EASTHAM — It’s been called “the party the town throws itself when the tourists go home.” Eastham’s Windmill Weekend celebrations extend far past the edges of the triangular swath on which Cape Cod’s “oldest and last working gristmill” (when it’s working) sits. The 42nd edition of the festival takes place this weekend, although the windmill will appear in name only when the party kicks off on Friday, Sept. 6
Health board mulls new recycling rules
The discovery of mosquitoes in Truro carrying the virus for Eastern equine encephalitis may have elicited the greatest concern at the Aug. 29 meeting of the Eastham Board of Health, but the topic that generated the most discussion by far was recycling.
The board is in the process of revising Eastham’s health regulations. That includes proper procedures for the disposal of materials at the transfer station. A quick trip there will affirm the town’s commitment to recycling paper, plastic, glass, and tin. But — do we have to? That is, is recycling mandatory?
That’s what board member Adele Blong wanted to know after studying the revised rules, which also charged the staff at the transfer station with conducting inspections of garbage deposited in the trash compactors. The language seemed to suggest that, theoretically, residents could be fined for tossing a soda can in with their solid waste.
Dept. of public works Supt. Silvio Genao, who was on hand to assist the board with its revisions, seemed caught off guard by Blong’s questions, particularly since the regulations had not significantly changed. In fact, he said, the new draft language was virtually cut and pasted from the old — which was intentionally adapted from state regulations. Staying within Massachusetts guidelines is essential, as the town can be fined if its solid waste is found to contain a certain amount of material that could have been recycled.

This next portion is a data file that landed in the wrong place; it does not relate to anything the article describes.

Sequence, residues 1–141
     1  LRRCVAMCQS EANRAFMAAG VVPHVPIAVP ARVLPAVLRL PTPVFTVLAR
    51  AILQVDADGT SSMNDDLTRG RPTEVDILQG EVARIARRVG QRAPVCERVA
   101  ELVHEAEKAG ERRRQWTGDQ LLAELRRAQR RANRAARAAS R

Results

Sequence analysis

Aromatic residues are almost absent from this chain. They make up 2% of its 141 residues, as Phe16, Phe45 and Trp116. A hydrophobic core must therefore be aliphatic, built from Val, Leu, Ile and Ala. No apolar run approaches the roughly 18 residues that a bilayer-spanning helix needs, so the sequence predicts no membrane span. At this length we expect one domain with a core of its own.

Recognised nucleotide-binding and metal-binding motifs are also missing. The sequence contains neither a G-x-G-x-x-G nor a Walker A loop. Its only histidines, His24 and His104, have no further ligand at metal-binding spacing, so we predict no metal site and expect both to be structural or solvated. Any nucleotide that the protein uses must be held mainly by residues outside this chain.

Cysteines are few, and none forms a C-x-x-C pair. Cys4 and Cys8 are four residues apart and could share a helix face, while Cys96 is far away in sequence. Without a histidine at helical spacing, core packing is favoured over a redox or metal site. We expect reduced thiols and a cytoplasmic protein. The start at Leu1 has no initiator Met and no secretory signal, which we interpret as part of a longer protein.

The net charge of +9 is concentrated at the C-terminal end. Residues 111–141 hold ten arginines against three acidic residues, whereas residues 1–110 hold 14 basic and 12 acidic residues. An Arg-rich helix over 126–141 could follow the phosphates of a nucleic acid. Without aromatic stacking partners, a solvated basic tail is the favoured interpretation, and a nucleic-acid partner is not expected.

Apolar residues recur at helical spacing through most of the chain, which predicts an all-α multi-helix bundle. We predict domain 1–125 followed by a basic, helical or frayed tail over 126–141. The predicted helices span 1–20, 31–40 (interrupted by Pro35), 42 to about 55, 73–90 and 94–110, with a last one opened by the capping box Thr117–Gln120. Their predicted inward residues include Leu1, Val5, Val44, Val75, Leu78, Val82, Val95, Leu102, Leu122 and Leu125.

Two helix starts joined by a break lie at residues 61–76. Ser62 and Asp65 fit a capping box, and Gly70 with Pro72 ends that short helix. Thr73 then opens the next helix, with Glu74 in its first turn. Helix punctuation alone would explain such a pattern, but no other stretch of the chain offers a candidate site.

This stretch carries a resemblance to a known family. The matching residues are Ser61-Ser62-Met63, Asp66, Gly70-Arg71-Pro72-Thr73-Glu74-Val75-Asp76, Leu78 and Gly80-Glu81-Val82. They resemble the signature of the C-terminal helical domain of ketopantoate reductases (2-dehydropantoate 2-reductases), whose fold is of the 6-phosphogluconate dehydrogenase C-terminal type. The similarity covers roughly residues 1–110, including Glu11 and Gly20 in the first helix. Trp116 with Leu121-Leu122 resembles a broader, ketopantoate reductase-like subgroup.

All that aside, Genao confessed that staffing and budget constraints allowed for only “sparse” inspections of trash in the compactors — mainly to ferret out suspected repeat offenders.
Blong was quick to reassure those in attendance that she was no opponent of recycling — she’d scoured her share of peanut butter jars — but that the state’s language seemed aimed at commercial trash haulers, whereas the town’s regulations, in her view, could be interpreted to apply equally to individuals. And the idea of town employees digging through trash bags in search of stray cereal boxes just didn’t, well, smell right.
The board promised to revisit the language, and also to make it clearer to residents how all manner of waste products should be handled. A new draft of Eastham’s recycling brochure, redubbed a “Transfer Station Informational Flyer” by Genao, will include not only guidelines for recyclables and items that can be disposed of for a fee but also “hazardous wastes” — which can only be dropped off twice a year on specified dates — and “prohibited items,” such as explosives, that can never be brought to the transfer station.
Discussion of the revised regulations continues at the board’s next meeting at 3 p.m. on Tuesday, Sept. 24 at town hall.
Two Eastham ponds cleared for swimming
Finally, some good news for Eastham aquaphiles. Results of the second round of tests by the Mass. Dept. of Public Health allowed Minister’s and Schoolhouse ponds to be officially cleared for swimming, boating, and all manner of recreation on Tuesday, Sept. 3. So go jump in a lake.